Famous writers and literature
The stunning landscape of the North York Moors has fired the imaginations of some of our best-loved writers and it’s easy to see why.
Nineteenth century authors Lewis Carroll and Bram Stoker found inspiration in the dramatic coastline, the stunning sweeps of open moorland welcomed works from Laurence Sterne and the tranquil dark skies inspired Yorkshire poet Ian McMillan’s tribute. Even today, we’re lucky enough to call local residents The Yorkshire Vet (Julian Norton) and best-selling author Philippa Gregory (‘The Other Boleyn Girl’) our neighbours.
Put down your book and follow in the footsteps of our literary greats.
The haunting remains of Whitby Abbey would set any heart racing, so it’s no surprise that the gothic ruin was the inspiration for Bram Stoker’s ‘Dracula’. Stoker’s walks along the dramatic cliff tops to Kettleness in the National Park, the area’s mysterious tales of the ship ‘Dmitry’ at Tate Hill beach and ghostly sightings of Barghest (the mythical monstrous Black Dog) all add to the foreboding atmosphere of the novel. Sink your teeth into the history and sights that inspired Stoker, including the 199 Steps leading up from Tate Hill to St Mary’s Church.
Alf Wight (James Herriot)
The World of James Herriot offers a truly unique encounter into the world’s most famous vet. Housed in his former home and surgery in Thirsk, he described the view from nearby Sutton Bank as “the finest view in England”. Set in the 1940s style, the Museum tells the story of his life as a vet turned author, whose works inspired the feature film starring Anthony Hopkins and subsequent BBC series ‘All Creatures Great and Small’. His former practice now hosts Channel 5’s documentary ‘The Yorkshire Vet’, home to local vet and author Julian Norton.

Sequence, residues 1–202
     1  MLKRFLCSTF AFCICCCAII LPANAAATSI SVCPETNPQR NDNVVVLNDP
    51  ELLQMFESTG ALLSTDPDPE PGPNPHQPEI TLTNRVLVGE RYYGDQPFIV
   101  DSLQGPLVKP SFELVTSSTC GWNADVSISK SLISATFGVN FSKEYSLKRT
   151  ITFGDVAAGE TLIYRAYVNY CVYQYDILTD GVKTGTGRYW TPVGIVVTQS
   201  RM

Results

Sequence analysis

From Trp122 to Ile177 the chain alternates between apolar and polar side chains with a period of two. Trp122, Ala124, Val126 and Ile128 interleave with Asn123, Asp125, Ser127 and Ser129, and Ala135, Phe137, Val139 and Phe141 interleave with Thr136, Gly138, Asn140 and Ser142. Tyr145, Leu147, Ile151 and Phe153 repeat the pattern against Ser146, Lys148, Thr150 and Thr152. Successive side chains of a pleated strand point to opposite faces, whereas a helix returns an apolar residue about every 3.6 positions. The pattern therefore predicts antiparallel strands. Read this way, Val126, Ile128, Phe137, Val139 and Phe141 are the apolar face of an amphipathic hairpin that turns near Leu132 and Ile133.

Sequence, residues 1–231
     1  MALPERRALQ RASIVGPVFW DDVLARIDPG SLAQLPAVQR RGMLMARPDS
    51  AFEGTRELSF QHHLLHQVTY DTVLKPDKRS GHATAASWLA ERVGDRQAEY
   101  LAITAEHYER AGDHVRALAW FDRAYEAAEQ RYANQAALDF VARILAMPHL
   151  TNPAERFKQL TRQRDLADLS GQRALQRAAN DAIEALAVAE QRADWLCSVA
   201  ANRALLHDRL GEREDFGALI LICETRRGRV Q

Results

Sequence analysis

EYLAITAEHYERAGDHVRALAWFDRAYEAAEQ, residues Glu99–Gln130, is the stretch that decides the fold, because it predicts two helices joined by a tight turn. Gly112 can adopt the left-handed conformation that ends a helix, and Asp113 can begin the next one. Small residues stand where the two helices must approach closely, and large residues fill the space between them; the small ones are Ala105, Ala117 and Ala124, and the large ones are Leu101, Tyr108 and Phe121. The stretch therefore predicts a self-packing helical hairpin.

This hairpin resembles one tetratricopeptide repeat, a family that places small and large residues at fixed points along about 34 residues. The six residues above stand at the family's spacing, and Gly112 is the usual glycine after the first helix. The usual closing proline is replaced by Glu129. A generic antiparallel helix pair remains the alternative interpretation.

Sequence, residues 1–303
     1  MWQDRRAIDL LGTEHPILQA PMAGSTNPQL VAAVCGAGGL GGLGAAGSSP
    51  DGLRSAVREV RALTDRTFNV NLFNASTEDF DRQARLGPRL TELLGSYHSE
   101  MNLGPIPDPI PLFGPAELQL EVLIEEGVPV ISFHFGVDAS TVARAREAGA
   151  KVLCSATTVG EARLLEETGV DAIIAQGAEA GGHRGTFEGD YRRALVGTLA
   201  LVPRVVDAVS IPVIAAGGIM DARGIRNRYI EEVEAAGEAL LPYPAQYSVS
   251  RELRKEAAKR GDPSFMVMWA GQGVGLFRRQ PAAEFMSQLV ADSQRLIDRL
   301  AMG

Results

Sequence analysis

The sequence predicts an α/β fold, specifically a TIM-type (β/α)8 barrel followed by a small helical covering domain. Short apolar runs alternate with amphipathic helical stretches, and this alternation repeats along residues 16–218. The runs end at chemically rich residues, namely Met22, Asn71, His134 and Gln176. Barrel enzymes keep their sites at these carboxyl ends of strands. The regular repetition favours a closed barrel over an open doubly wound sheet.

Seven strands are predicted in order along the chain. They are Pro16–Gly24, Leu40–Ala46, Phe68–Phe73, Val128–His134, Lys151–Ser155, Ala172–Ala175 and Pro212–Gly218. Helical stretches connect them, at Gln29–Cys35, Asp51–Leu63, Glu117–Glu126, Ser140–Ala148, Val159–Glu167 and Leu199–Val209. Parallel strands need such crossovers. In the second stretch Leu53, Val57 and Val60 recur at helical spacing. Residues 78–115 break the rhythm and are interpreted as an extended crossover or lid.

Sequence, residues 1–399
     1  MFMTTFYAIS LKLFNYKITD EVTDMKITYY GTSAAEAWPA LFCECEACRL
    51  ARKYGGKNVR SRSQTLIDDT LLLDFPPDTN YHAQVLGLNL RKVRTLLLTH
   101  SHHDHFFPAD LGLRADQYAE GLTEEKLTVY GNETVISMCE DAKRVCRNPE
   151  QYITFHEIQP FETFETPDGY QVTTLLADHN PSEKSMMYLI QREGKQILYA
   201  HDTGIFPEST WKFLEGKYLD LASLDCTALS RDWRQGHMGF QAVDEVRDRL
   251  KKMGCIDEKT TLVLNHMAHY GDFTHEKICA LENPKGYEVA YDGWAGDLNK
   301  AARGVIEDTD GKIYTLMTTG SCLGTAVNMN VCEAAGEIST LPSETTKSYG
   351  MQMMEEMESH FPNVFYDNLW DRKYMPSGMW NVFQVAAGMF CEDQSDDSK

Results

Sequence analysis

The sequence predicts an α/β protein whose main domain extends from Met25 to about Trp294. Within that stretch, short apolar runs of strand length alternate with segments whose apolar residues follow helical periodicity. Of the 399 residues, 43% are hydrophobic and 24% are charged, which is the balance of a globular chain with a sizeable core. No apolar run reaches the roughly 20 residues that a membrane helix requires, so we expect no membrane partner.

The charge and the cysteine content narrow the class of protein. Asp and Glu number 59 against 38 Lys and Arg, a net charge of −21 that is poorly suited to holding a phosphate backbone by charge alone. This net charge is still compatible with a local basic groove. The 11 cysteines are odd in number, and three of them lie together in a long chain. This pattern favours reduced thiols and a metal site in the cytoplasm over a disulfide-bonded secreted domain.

The vicarage in Coxwold, now known as Shandy Hall is home to The Laurence Sterne Trust. Widely regarded as the godfather of modernist literature, it was here he was inspired to write ‘The Life and Opinions of Tristram Shandy, Gentleman’ and ‘A Sentimental Journey through France and Italy’. Open to the public during the summer months, the vast collections of books, paintings, prints and manuscripts provide a window in to the world of the eighteenth century writer.
The Victorian hotel, La Rosa welcomed famed author of ‘Alice’s Adventures in Wonderland’ Lewis Carroll (Charles Dodgson) between 1854-71. One of the seaview rooms is even dedicated to the author, decking out the interior as his study. It is believed he based the poem ‘The Walrus and the Carpenter’, which appeared in ‘Through the Looking Glass’ on his walks along the beach at Whitby.
It was in the romantic, medieval All Saints Church in Brompton where William Wordsworth married his childhood friend Mary Hutchinson in 1802 and paused at Sutton Bank to write his poem ‘Composed After a Journey Across the Hambleton Hills, Yorkshire’.
Fans of ITV’s ‘Heartbeat’ will recognise the National Park’s honey-pot village of Goathland as ‘Aidensfield’. Based on the ‘Constable’ series of books by author and former policeman Nicholas Rhea (Peter Walker), his life in the National Park fuelled the creation of Sgt Rowan.
Festivals for literary lovers
- Books by the Beach, a lively programme that brings bestselling authors and actors to Scarborough during April
- Sci-Fi Scarborough, for comic book buffs head to this annual event in April to get your yearly dose of Sci-Fi fun
- Ryedale Book Festival, a festival devoted to all things book related, it’s something for the family to enjoy throughout the year with events in Malton and surrounding attractions
- Malton Dickensian Festival, held each December to champion the works of Charles Dickens, this festival event includes Christmas Carols and visits to Scrooge’s Counting House.
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